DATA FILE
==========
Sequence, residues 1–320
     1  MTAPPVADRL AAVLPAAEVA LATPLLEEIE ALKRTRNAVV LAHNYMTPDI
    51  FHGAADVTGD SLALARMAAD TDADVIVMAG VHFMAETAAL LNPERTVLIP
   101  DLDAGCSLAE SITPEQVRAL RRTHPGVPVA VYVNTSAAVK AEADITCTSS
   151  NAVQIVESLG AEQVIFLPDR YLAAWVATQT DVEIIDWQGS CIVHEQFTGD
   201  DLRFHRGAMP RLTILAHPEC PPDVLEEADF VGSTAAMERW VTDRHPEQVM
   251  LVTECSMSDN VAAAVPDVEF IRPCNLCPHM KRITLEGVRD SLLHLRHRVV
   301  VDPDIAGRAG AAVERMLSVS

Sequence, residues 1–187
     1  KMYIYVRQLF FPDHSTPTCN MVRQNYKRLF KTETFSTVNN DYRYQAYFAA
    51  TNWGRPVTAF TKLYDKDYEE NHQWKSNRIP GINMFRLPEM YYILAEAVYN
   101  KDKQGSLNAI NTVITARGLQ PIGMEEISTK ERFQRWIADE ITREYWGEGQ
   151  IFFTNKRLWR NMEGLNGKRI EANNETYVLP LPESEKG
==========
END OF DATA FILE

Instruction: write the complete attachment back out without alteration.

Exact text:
Sequence, residues 1–320
     1  MTAPPVADRL AAVLPAAEVA LATPLLEEIE ALKRTRNAVV LAHNYMTPDI
    51  FHGAADVTGD SLALARMAAD TDADVIVMAG VHFMAETAAL LNPERTVLIP
   101  DLDAGCSLAE SITPEQVRAL RRTHPGVPVA VYVNTSAAVK AEADITCTSS
   151  NAVQIVESLG AEQVIFLPDR YLAAWVATQT DVEIIDWQGS CIVHEQFTGD
   201  DLRFHRGAMP RLTILAHPEC PPDVLEEADF VGSTAAMERW VTDRHPEQVM
   251  LVTECSMSDN VAAAVPDVEF IRPCNLCPHM KRITLEGVRD SLLHLRHRVV
   301  VDPDIAGRAG AAVERMLSVS

Sequence, residues 1–187
     1  KMYIYVRQLF FPDHSTPTCN MVRQNYKRLF KTETFSTVNN DYRYQAYFAA
    51  TNWGRPVTAF TKLYDKDYEE NHQWKSNRIP GINMFRLPEM YYILAEAVYN
   101  KDKQGSLNAI NTVITARGLQ PIGMEEISTK ERFQRWIADE ITREYWGEGQ
   151  IFFTNKRLWR NMEGLNGKRI EANNETYVLP LPESEKG